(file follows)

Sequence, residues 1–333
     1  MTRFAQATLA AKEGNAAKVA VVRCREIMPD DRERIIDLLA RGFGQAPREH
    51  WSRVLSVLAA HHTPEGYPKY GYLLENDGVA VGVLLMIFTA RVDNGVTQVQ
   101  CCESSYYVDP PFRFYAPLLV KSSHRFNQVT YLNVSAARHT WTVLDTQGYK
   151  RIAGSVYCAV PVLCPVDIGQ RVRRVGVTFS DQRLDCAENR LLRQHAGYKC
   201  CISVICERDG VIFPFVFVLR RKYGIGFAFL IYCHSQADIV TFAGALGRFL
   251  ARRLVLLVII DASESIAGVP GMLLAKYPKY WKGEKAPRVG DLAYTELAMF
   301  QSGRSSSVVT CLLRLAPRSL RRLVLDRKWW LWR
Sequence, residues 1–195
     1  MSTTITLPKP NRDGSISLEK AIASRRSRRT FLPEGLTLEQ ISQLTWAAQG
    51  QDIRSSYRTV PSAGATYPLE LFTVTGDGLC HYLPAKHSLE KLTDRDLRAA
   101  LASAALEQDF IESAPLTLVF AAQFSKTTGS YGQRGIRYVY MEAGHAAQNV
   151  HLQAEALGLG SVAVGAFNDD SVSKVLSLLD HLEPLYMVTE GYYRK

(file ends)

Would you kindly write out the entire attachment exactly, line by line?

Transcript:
Sequence, residues 1–333
     1  MTRFAQATLA AKEGNAAKVA VVRCREIMPD DRERIIDLLA RGFGQAPREH
    51  WSRVLSVLAA HHTPEGYPKY GYLLENDGVA VGVLLMIFTA RVDNGVTQVQ
   101  CCESSYYVDP PFRFYAPLLV KSSHRFNQVT YLNVSAARHT WTVLDTQGYK
   151  RIAGSVYCAV PVLCPVDIGQ RVRRVGVTFS DQRLDCAENR LLRQHAGYKC
   201  CISVICERDG VIFPFVFVLR RKYGIGFAFL IYCHSQADIV TFAGALGRFL
   251  ARRLVLLVII DASESIAGVP GMLLAKYPKY WKGEKAPRVG DLAYTELAMF
   301  QSGRSSSVVT CLLRLAPRSL RRLVLDRKWW LWR
Sequence, residues 1–195
     1  MSTTITLPKP NRDGSISLEK AIASRRSRRT FLPEGLTLEQ ISQLTWAAQG
    51  QDIRSSYRTV PSAGATYPLE LFTVTGDGLC HYLPAKHSLE KLTDRDLRAA
   101  LASAALEQDF IESAPLTLVF AAQFSKTTGS YGQRGIRYVY MEAGHAAQNV
   151  HLQAEALGLG SVAVGAFNDD SVSKVLSLLD HLEPLYMVTE GYYRK